Tornados, violent rotating columns of air that can uproot trees and peel off roofs, have been reported in every state, but they are more common in the midwestern plains states.
How to stay safe: If you hear tornado sirens or a tornado warning has been issued for your area, it means a tornado has been detected and there's immediate danger. Take shelter immediately in a basement or a small interior room away from windows—a closet, a bathroom, a hallway. Get under a sturdy table or a mattress if you can. "If you're in bed, pull pillows or a bedspread—anything—over the top of you," says Judge.
If you're in a car, get to a sturdy building if possible. If this is not possible, you have two options. One is stay in the car, buckle the seat belt, cover your head with your hands or a blanket, and duck below the windows. The second option, if there is a ditch nearby, is to get out of the car and lie down in the ditch and cover your head. You'll have to base your decision on your particular circumstances.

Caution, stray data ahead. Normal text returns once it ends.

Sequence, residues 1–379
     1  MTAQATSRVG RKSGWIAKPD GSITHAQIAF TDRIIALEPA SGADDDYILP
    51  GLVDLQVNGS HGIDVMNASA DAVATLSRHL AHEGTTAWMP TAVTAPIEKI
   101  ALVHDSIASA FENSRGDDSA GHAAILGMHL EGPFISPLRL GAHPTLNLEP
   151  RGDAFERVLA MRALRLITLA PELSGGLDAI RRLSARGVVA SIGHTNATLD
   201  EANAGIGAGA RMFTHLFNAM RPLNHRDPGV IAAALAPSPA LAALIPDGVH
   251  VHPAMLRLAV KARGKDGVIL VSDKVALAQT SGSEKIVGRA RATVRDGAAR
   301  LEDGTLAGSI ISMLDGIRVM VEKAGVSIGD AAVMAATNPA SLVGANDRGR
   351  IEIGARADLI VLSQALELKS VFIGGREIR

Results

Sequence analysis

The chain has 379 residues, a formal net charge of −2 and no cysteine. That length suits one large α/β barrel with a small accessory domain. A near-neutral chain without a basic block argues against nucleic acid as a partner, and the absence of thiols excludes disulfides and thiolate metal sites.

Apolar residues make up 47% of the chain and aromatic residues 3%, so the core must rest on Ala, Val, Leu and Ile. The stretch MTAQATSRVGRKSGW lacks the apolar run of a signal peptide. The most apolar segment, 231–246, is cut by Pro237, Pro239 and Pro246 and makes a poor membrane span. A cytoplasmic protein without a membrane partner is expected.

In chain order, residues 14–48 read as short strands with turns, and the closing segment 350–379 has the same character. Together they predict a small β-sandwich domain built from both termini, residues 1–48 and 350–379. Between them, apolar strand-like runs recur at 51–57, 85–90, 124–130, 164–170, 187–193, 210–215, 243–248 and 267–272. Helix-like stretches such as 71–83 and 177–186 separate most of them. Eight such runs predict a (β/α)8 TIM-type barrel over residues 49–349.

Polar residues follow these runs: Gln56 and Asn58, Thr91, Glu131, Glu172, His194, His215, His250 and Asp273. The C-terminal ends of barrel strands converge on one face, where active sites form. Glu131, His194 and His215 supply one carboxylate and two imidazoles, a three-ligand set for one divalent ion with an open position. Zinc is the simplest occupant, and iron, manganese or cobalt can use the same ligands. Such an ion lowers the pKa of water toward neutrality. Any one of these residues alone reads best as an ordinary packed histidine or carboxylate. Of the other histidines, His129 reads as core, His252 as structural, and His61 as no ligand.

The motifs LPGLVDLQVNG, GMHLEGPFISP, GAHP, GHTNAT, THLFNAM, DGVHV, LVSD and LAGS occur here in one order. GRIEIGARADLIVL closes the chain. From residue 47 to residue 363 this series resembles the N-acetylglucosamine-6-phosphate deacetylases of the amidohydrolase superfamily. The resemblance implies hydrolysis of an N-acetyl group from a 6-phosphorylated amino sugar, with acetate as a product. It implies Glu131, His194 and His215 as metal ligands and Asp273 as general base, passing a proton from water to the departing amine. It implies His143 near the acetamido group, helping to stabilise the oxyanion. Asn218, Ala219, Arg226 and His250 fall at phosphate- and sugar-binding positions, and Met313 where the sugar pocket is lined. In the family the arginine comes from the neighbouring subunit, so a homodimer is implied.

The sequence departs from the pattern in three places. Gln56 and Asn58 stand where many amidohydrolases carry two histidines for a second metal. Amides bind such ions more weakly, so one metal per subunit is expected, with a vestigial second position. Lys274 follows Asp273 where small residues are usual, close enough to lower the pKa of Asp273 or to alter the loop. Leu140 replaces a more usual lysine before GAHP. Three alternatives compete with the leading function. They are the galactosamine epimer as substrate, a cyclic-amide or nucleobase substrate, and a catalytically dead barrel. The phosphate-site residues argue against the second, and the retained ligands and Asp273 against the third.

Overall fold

No matter what: Don’t get on an elevator. You could be trapped if the power goes out. If you're on a high floor, take the stairs.